Chronic Obstructive Lung Disease (COLD)

According to the Global Initiative for Chronic Obstructive Lung Disease (GOLD), Chronic Obstructive Lung Disease is a preventable and treatable disease, with significant extrapulmonary effects that may contribute to disease severity. This disease, whose evolution is painless, as the main risk factor tobacco smoke and is often misdiagnosed.

Every patient deserves a particular therapeutic approach, with significant respiratory functional rehabilitation in many cases. Drug therapy should be maintained where there is indication for such discontinuation may lead to worsening of the disease and the onset of complications.

Nonspecific and Progressive Symptoms
Patients with Chronic Obstructive Lung Disease is a typical adult over the age of 40 who has risk factors (such as history of smoking or dust exposure) and symptoms of productive cough and exertional dyspnea (shortness of breath). The diagnosis is confirmed by studies that show a functional respiratory pattern of limitation of air speeds.

Often these patients are treated for the first time after the occurrence of an increased difficulty breathing, subsequently using medical care due to relapse or the presence of dyspnea, a symptom that is already associated with a significant deterioration of respiratory function. The characteristic painless evolution of the disease leads to a considerable number of patients presenting himself as a medical consultation with dyspnea on exertion that usually shows as a disability patent.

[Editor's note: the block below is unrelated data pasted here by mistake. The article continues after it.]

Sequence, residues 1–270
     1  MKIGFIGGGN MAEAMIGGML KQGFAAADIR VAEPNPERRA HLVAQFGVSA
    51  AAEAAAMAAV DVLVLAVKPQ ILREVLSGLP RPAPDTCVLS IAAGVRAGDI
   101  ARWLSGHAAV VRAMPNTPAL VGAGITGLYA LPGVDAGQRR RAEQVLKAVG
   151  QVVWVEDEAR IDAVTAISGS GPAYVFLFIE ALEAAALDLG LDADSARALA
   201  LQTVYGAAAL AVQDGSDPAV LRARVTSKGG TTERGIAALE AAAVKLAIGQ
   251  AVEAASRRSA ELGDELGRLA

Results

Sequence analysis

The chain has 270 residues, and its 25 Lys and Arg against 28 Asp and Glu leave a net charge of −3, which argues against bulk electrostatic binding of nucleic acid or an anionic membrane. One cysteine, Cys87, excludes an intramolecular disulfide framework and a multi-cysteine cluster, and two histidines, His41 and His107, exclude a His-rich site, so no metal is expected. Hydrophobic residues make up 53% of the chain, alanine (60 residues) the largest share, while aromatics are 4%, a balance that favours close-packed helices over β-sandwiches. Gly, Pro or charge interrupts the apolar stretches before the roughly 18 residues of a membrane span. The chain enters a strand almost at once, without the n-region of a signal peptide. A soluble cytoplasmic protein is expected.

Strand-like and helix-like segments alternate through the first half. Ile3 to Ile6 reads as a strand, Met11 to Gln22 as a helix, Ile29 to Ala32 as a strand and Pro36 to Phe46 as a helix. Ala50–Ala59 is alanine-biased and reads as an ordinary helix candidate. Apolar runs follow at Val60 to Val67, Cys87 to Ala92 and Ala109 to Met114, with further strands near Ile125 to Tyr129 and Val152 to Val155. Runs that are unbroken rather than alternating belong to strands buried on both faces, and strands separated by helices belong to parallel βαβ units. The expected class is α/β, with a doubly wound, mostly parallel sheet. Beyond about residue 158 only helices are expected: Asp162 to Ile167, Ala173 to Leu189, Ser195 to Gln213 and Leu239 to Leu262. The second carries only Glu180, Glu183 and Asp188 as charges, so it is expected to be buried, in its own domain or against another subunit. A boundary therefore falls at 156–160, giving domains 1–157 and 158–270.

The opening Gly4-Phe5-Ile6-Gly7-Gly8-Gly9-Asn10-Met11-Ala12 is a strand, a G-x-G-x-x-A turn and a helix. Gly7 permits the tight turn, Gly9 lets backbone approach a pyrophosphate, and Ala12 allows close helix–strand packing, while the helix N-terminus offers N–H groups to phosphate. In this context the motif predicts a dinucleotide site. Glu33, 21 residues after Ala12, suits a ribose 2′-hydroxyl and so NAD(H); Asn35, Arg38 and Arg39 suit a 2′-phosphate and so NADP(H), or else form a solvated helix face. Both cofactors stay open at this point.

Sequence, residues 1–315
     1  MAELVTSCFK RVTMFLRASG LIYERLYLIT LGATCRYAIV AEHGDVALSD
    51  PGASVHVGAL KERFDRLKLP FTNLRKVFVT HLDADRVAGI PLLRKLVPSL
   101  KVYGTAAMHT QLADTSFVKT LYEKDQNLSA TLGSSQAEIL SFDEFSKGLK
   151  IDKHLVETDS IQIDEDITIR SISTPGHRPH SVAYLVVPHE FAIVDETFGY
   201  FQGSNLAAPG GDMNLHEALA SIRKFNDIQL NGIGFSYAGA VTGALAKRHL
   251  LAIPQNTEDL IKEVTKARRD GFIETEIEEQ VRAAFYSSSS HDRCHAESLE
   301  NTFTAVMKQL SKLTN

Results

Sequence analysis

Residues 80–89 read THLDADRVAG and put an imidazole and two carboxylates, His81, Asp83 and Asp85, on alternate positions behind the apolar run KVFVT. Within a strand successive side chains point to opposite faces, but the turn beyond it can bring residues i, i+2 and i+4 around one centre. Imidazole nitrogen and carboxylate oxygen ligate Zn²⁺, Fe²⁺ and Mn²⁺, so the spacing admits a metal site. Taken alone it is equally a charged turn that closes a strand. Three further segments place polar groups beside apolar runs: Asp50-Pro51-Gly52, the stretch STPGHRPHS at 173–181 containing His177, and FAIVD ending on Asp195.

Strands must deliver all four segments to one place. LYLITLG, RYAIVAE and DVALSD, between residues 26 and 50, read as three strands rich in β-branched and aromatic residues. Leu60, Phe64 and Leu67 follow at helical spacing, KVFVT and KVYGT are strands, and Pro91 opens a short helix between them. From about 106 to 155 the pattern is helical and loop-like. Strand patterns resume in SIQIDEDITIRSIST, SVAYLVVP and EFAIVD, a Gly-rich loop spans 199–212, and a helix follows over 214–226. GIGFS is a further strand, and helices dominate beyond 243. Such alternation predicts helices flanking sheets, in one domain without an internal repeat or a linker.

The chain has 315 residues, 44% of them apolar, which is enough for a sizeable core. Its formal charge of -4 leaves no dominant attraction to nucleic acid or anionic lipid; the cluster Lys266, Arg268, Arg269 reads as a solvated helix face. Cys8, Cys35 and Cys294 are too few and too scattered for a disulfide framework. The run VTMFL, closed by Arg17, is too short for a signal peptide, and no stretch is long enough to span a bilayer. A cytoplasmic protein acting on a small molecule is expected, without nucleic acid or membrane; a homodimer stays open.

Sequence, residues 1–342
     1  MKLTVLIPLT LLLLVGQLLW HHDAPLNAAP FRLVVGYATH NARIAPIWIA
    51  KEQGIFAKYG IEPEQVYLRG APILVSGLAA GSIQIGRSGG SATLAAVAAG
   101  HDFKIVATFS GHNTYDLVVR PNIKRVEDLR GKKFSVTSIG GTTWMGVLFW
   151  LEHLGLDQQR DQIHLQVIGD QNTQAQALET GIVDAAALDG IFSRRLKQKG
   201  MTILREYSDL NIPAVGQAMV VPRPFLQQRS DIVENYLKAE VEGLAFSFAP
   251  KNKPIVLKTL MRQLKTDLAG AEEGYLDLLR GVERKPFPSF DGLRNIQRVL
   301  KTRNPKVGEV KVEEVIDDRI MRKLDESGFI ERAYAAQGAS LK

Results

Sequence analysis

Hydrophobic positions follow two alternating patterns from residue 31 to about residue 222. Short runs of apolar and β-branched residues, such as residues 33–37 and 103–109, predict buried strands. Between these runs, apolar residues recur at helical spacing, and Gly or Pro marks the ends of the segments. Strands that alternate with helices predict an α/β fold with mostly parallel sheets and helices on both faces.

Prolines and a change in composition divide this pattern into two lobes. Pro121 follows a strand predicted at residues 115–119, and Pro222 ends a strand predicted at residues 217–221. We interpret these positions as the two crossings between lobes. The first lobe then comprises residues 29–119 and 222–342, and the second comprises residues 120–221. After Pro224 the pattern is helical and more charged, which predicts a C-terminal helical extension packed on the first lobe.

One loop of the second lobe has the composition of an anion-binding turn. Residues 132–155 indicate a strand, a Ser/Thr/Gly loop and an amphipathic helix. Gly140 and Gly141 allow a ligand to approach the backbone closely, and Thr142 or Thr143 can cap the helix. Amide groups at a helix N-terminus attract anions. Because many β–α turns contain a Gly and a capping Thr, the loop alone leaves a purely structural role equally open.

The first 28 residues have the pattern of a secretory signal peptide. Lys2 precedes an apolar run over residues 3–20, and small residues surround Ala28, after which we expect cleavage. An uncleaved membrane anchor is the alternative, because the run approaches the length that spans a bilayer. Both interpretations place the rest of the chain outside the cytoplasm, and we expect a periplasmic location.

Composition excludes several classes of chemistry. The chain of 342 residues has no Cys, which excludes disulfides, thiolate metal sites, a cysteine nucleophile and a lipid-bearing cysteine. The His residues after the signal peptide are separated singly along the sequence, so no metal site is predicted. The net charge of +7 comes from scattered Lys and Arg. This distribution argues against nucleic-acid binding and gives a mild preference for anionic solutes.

The presence of chronic inflammation is the basis of a slow and progressive reduction of the airflow that is not fully reversible in Chronic Obstructive Pulmonary Disease. The limitation of airflow is associated with an abnormal inflammatory response of the lung to noxious particles and gases.

Initially most of these patients reported shortness of breath and an abnormal fatigue in the performance of certain tasks. That is, they start to get tired going up stairs and start to ride in the elevator when you do sport, they fail to do so, but always blame tobacco. Tobacco is indeed largely responsible for the symptoms but the disease is already owned!
Patients develop a chronic productive cough (sputum) and varying degrees of difficulty breathing (dyspnea or) that will worsen with disease progression. This induces a progressive loss of capacity to develop the activities of daily living.

A 2003 report from the National Institute of Statistics identifies the Chronic Obstructive Pulmonary Disease as the fifth leading cause of death in Portugal. This disease represents 2.5% of the total number of deaths, 3.2% in men and 1.7% in women and is the second leading cause of hospitalization for respiratory disease. The number of hospitalizations increased 110% between 1994 and 2007 (from 4,333 to 9,143 hospitalizations).